SAN FRANCISCO — Kink.com told Vocativ it has overhauled company policies on performer rights and responsibilities, in the wake of sexual assault allegations against James Deen and other incidents that purportedly transpired while filming for the company.
On Nov. 28, 2015, Stoya tweeted that ex-boyfriend Deen had forced himself upon her without consent, despite her use of a safeword. Soon thereafter, 11 other women levied similar accusations against Deen, including Ashley Fires and Joanna Angel. Companies like Kink, Doc Johnson and Evil Angel severed business relations with Deen, and adult industry veterans came together to examine issues of performer consent.
Three of the incidents involving Deen were said to have occurred at the Armory, Kink's San Francisco headquarters, where Fires, Nicki Blue and Lily LaBeau claimed the actor assaulted them.
Adult star Katja Kassin has stated that her boundaries were violated during a Kink shoot not involving Deen, and the company is also facing several lawsuits from other performers regarding its alleged failure to provide a safe work environment.
"It was important to us that we begin to address at least some of the gray areas that came up last month, and to try to better encourage reporting," stated company spokesperson Michael Stabile. “The James Deen allegations launched a period of really intense debate within the Armory about how this happened, and how it could have been prevented.”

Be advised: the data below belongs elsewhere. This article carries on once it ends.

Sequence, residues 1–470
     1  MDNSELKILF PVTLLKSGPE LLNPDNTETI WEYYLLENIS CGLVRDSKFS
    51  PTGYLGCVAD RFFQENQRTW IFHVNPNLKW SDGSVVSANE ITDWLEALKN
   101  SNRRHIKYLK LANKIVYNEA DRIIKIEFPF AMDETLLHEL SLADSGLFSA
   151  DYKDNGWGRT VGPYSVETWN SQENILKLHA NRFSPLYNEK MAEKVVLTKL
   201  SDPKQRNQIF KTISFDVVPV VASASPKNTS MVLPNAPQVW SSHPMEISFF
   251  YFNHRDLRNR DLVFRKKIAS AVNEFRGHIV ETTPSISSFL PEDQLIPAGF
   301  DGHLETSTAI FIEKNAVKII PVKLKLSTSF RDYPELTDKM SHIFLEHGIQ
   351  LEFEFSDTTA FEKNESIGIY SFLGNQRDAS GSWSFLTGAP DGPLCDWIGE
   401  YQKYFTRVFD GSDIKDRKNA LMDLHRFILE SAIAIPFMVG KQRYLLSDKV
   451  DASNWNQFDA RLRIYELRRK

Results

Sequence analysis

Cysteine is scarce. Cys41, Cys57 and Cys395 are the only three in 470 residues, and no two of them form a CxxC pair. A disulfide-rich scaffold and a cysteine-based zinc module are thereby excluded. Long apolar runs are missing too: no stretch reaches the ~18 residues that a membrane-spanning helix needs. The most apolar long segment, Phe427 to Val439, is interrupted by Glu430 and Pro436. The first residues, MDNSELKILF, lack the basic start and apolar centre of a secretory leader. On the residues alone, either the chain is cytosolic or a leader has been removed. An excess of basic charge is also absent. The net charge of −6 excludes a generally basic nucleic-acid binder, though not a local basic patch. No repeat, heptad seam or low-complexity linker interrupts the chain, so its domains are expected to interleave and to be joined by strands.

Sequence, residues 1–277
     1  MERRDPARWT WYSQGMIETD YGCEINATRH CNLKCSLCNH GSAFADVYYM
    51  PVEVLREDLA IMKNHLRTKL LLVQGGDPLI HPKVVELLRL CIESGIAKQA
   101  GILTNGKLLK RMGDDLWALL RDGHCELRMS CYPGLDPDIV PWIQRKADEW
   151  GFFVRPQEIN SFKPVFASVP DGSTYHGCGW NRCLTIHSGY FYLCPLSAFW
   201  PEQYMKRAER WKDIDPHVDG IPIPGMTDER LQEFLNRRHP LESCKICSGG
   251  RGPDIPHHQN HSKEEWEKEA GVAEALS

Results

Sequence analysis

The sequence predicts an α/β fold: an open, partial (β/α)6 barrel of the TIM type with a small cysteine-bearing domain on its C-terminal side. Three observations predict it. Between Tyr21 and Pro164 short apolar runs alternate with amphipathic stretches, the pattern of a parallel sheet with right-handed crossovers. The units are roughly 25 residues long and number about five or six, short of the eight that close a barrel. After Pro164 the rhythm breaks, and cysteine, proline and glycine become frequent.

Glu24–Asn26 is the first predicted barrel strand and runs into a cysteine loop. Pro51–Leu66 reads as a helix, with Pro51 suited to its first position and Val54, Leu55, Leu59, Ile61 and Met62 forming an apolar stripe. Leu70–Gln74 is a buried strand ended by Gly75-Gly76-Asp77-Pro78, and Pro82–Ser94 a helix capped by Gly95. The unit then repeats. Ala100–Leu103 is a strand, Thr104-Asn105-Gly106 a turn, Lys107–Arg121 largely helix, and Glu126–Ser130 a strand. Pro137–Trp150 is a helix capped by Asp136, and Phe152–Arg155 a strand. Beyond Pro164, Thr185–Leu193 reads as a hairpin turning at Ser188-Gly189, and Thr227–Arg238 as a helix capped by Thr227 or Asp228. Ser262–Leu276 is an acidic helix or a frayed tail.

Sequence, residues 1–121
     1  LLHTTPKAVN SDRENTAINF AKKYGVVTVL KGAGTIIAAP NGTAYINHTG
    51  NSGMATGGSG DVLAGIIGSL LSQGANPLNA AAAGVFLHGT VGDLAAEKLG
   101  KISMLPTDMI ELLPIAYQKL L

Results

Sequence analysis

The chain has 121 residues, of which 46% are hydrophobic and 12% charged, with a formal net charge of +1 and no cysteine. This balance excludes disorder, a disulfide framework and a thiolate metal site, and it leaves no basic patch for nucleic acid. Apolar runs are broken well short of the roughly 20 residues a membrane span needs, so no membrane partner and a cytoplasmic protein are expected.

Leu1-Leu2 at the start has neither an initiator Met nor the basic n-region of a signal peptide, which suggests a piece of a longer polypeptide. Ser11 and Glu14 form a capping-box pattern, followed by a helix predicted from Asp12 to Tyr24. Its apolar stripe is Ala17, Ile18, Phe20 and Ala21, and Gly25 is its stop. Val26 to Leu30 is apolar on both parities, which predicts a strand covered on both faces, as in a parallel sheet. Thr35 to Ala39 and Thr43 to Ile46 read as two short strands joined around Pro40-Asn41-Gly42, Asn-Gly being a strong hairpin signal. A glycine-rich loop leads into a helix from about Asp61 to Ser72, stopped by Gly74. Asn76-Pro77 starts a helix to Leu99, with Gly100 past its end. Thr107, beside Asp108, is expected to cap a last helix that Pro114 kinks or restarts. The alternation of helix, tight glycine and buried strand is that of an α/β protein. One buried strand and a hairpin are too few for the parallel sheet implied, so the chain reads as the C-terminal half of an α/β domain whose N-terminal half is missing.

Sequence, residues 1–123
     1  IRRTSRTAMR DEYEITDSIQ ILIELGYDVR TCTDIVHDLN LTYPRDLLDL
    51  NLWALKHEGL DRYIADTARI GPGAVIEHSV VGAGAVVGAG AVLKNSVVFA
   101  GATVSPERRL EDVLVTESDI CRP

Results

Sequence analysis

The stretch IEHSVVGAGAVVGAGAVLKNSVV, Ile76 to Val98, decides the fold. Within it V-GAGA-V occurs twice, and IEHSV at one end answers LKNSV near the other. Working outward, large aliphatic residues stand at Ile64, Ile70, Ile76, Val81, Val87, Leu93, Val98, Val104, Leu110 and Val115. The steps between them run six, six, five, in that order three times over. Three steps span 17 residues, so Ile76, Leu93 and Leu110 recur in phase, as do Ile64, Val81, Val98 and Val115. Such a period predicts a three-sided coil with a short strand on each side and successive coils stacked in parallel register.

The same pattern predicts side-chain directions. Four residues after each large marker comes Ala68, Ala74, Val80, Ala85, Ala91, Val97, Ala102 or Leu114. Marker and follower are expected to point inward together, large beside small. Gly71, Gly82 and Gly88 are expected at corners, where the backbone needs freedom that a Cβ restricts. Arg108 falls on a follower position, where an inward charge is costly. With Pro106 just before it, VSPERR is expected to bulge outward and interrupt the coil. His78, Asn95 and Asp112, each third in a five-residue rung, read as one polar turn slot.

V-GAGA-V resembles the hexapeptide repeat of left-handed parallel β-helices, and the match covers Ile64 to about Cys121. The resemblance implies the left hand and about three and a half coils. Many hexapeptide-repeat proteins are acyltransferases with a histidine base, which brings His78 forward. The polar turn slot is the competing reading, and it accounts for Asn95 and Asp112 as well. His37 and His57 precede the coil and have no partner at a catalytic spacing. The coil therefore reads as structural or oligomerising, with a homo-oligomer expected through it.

Stabile emphasized that Kink is based on a tradition of clearly outlined BDSM consent rules and considers itself an industry leader "in regards to ethical sets and model rights." He describes the new policies as "just the beginning of a process" meant to "help us identify places where we can strengthen protections."
The guidelines promise to halt a scene if a performer uses house safeword "RED" or offers non-verbal cues, further guaranteeing them the right to end the shoot entirely. "Only if I explicitly consent, can the scene continue at a slower pace," decrees the model rights.
Pro-rated payment is offered to performers for any unfinished shoots, awarding "the proportion of the modeling fee earned." As an example, the company says that completing three hours of a four-hour shoot would result in 75 percent of payment.
"If any of the above is violated, either explicitly or in spirit, by any staff, performer, crew or visitor, I can and should report it to the talent department," declares the guidelines. "I understand that anything I tell the talent department will be kept confidential, if I request it, except in the case a criminal offense (e.g, sexual assault, theft), in which case law enforcement will need to be contacted."
To read the Vocativ article in its entirety, click here.